Tuesday, 29 November 2011
Wednesday, 23 November 2011
Starting with unchecked entrance to the traffic-free Centro Storico in order to get near our hotel, we parked illegally if discretely around the corner, remaining there unmolested for the duration of our stay. If this wasn't proof of a higher civilization, the enthusiasm with which the lady who owned our hotel, the Locanda Torriani (together with her chef-husband) specially opened a bottle of Bonarda just to provide us with a glass which was otherwise not listed as available in this way immediately demonstrated a generosity of spirit increasingly rare in our ever more regulated world.
After our delicious lunch (the hotel is really a restaurant with rooms - always proof of good priorities), we took a stroll to the Teatro Ponchielli where we were to see 'Rigoletto', another glory of Italian culture. Without time to stop we clocked an incredible variety of wines at a small stand including a locally grown Marsanne of all things, a choice of Ortrugos, Barbera, Gutturnio and more Bonarda which we love.
After the matinee performance we made our way back to the hotel and found the market still in full swing with all kinds of local specialities on offer. Where else might you find a market open at 6.00pm?
That evening, unable to get into our restaurant of choice, we settled on what looked like an expensive clip joint. This turned out to be nothing of the kind and in spite of an over-ornate decor, chilly atmosphere and barely another inhabitant, we ate extremely well and were enchanted to find an excellent if slightly bowdlerised Ortrugo. Even the complimentary glass of Prosecco was unusually fine, the whole experience humanised by charming and efficient service.
The next morning, we saw all kinds of local cheese and pasta specialities in the windows of the many gastronomie to be found in this great small city.
Nave d'Oro, Canareggio.
As already noted the Nave d'Oro Vino Sfuso shops are quite widespread in Venice although they seem to be owned by different members of the same family and others. This one is a particularly nice one advertising Torbolino (the new partially-fermented sweet red wine) and exceptionally Frizzante wines.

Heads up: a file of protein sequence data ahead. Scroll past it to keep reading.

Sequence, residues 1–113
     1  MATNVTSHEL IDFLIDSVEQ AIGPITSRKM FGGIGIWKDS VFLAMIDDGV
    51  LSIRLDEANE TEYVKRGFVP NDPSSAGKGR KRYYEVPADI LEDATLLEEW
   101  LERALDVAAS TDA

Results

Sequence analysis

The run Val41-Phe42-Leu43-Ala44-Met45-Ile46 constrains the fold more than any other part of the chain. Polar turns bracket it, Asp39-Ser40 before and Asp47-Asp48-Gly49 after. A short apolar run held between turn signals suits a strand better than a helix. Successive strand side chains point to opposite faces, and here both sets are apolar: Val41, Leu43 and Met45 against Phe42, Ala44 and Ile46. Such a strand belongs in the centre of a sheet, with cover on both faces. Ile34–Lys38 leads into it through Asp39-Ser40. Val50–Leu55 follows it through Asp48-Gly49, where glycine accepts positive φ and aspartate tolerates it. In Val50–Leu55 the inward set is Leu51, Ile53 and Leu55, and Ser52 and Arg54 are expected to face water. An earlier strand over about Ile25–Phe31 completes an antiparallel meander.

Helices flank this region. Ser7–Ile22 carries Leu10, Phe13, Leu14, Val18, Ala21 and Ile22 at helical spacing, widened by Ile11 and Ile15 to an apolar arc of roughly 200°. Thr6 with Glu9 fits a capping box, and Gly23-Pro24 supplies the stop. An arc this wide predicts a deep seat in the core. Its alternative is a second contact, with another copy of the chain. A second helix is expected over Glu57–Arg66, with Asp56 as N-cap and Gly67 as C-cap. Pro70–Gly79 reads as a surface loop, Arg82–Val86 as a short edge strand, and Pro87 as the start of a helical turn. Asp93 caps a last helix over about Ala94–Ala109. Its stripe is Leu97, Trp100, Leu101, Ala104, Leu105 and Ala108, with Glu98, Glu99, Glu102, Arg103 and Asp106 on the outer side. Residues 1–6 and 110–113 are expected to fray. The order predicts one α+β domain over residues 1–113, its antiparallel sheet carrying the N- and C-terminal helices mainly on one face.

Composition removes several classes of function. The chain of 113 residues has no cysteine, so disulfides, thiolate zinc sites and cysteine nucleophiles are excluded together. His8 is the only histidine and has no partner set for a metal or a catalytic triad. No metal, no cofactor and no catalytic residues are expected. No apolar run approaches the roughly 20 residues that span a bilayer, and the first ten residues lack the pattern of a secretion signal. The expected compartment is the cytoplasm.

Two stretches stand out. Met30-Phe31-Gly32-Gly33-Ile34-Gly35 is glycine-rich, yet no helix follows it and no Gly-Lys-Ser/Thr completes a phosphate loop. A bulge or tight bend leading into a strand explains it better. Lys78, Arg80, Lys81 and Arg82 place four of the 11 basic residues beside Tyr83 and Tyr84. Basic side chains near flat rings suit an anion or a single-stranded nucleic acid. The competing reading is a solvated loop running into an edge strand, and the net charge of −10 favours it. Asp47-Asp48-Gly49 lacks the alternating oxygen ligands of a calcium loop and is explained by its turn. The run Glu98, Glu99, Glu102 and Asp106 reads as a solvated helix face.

Vini Sfusi, Calle della Chiesa, Campo Santa Margherita
This is a hard-core place with a good selection but business-like service. We particularly liked the shopfitting.
Having made our first drinkable wine in 2010 and done quite a bit of planting in the vineyard we decided to make grape juice this year.
Slotovino has not posted for 2 1/2 months but that doesn't mean we haven't been busy. Apologies to our regular reader!
From the other side of Northern Italy, we have enjoyed a Malvasia Istriana from Primosic. It is remarkable how flexible the Malvasia grape is. We had in common with most, regarded this grape as rather ordinary but versions such as this declare its genius and are by no means rare. Here, from the aolian island of Salina is a version of Malvasia we also enjoyed very much at a very posh London restaurant where it was ranked among the least expensive wines
Monday, 21 November 2011
Lard des Choix VdP de lArdeche Rouge 2008
Alpha Zeta C Corvina 2009/10
Nieto Reserve Bonardo 2008
Domaine d Escausses Gaillac Rouge Cuvee des Drilles 2010
Senorio de Sarria Vinedo No.7 Graciano 2005
Domaine Cros Marcillac Lo Sang del Pais 2010
Ktima Alpha Axia 2006
Gerovassiliou Malagousia 2009
Keith Tulloch Semillon 2010
Alpha Zeta G Garganega 2010
There are many more wines in the shop than appear on the website. Indeed, if they have a weak spot, Highbury Vintners' website would be it but who doesn't have website problems? On our visit we found plenty more interesting wines. Where else in London might you come across a Chambourcin/Cabernet Franc blend from Ontario?